I think that Albert Schweitzer summed it up best when he said “To educate yourself for the feeling of gratitude means to take nothing for granted, but to always seek out and value the kind that will stand behind the action. Nothing that is done for you is a matter of course. Everything originates in a will for the good, which is directed at you. Train yourself never to put off the word or action for the expression of gratitude.”

6. Invest intelligently
If you follow these guidelines, both your money and your life will be fine, your life will be fully on purpose and well-integrated. You have a vision and a purpose for your life, you are living simply, you are being true to yourself, you are sharing your blessings and you are grateful for all that you have. Because you are living simply, and living well within your income. You are saving 10% or more of your income for your financial independence.
The final principle is to invest this money intelligently. Intelligent investing is not difficult. It involves creating a well-diversified portfolio of passively-managed, low-cost mutual funds that is risk-appropriate for your personal situation and then rebalancing that portfolio annually to take advantage of the principle of “buying low and selling high.” Have confidence in this approach and practice discipline in adhering to it. Do not listen to the TV pundits. Do not try to time the market. Do not try to chase hot stocks or hot sectors.
You should work with a financial planner who has your best interests at heart and who does not receive compensation for “selling” products, but instead are compensated on a “fee-only” basis. The benefits you will gain from this advice will far outstrip the cost you will pay for the advice.

These are simple principles, that will allow you to live a simple and rewarding life.


Brexit is Beginning

brexitIf you have a good long memory, you may recall that last Summer, the U.K. panicked the investment markets by voting, in a nation-wide referendum, to exit the European Union.  There were, of course, dire predictions about the impact on the U.K. economy, which never materialized, in large part because the U.K. had not yet formally opted out of its Eurozone agreements.


At the end of March, the U.K. finally pulled the trigger, and made the departure from the European Union official.  The Queen of England delivered her royal assent, and the U.K.’s envoy to the European Union handed-delivered a letter to the office of the European Council president in Brussels invoking Article 50 of the EU treaty.  This delivered formal notification of the Brexit decision, the first time this has happened in the EU’s history.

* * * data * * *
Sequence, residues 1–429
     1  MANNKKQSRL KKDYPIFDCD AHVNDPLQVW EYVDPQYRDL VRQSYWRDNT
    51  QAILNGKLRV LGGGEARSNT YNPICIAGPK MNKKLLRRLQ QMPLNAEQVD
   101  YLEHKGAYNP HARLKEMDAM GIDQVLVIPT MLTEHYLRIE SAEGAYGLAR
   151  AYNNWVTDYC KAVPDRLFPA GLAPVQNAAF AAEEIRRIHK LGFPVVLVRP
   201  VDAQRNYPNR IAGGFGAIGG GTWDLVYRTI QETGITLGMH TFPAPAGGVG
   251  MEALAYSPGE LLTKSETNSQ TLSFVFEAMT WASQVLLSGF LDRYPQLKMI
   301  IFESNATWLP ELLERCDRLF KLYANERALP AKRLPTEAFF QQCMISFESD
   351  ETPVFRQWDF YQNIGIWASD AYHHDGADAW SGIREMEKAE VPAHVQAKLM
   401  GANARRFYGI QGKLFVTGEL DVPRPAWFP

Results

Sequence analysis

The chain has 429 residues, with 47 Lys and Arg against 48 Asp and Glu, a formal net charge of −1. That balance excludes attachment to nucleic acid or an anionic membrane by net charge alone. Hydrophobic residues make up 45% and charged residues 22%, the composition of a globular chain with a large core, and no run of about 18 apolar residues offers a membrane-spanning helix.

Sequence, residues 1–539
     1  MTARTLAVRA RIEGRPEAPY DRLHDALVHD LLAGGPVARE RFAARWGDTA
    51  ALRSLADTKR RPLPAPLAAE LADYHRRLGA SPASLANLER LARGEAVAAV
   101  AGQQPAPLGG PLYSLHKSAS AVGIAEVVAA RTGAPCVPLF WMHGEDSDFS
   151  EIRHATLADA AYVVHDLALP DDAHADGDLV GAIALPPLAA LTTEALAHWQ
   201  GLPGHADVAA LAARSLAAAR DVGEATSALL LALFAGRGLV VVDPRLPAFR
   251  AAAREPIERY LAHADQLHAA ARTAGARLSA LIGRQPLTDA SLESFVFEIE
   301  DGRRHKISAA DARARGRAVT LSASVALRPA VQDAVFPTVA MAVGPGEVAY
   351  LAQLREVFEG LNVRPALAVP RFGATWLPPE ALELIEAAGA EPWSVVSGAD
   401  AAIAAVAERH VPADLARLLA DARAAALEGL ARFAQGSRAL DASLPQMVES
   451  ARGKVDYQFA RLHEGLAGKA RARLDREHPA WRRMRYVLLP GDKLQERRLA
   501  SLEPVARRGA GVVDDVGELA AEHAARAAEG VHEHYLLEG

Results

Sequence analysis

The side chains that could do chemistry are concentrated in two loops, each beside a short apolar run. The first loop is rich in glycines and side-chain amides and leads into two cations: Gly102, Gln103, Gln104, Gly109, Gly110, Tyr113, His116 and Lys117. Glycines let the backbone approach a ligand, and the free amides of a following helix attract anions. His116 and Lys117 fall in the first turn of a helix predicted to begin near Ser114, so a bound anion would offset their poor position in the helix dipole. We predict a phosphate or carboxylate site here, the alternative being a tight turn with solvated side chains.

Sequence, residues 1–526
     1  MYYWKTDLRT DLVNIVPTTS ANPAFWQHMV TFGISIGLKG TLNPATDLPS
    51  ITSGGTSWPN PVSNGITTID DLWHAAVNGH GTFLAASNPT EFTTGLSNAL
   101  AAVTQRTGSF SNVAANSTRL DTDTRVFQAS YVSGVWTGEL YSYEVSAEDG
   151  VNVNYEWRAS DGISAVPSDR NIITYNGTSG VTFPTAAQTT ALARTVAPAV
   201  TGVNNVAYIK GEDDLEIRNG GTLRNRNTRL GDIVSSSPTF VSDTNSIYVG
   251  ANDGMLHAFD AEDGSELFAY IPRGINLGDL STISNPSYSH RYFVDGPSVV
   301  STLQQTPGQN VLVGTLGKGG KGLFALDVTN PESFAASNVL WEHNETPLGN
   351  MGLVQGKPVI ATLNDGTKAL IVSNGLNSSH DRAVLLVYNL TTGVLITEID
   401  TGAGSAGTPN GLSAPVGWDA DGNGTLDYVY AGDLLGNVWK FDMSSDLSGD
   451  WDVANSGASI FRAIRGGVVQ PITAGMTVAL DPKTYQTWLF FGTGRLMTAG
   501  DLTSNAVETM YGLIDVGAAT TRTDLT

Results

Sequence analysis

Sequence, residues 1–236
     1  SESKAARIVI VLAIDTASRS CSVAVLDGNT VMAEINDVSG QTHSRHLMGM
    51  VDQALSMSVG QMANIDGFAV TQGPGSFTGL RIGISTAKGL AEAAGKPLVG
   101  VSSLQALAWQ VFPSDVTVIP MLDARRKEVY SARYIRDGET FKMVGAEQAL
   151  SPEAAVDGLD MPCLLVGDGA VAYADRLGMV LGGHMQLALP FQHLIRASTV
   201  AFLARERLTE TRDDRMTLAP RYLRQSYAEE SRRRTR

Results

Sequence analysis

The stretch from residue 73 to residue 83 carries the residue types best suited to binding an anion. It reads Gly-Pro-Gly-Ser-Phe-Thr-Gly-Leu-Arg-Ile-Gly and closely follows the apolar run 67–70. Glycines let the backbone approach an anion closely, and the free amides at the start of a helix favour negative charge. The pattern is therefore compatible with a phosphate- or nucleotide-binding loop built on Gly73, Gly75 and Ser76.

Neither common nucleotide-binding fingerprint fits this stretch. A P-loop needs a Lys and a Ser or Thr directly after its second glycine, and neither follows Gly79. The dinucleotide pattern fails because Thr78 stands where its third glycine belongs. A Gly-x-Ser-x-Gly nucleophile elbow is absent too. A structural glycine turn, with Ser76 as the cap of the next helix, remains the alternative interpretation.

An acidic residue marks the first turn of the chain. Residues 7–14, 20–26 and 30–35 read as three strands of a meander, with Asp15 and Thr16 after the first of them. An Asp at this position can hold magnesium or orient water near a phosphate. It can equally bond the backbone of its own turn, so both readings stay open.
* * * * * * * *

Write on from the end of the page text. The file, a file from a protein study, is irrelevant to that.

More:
So that means those dire predictions will finally come true.  Right?


As it happens, Article 50 was intended to prevent any rash or immediate consequences of an exit from EU membership, and it seems to have accomplished that goal.  Under the bylaws, the divorce will be negotiated, item by item, over the next two years, meaning that any change in economic circumstances will be gradual and perhaps accommodated as they happen.  How gradual?  Over the next several weeks, the EU’s remaining 27 members will discuss their priorities in advance of the negotiations, and then hold a summit on April 29.  Only then will the European Commission have a mandate to negotiate with representatives from London.


What will the negotiations cover?  First up will be Britain’s obligations to the EU for its participation thus far—a bill that could total up to roughly $65 billion.  Also: what will be the rights of 3 million EU citizens living in the U.K., and the rights of more than 1 million Britons living and working in the Eurozone?


After that, it is speculated that the British government will seek to negotiate a broad free-trade agreement which will effectively replicate the provisions of its former membership in the European Union, as a way to protect its commercial ties with the Continent.  This is where negotiations will get sticky, since France and Germany will almost certainly oppose a no-consequences exit, and they will want to protect their own economies’ free-trade access to Eurozone markets.  On the EU side, a simple majority of countries will decide what proposals are accepted and which are sent back to the negotiating table—with one notable exception: any free trade agreement between the two sides much win unanimous approval.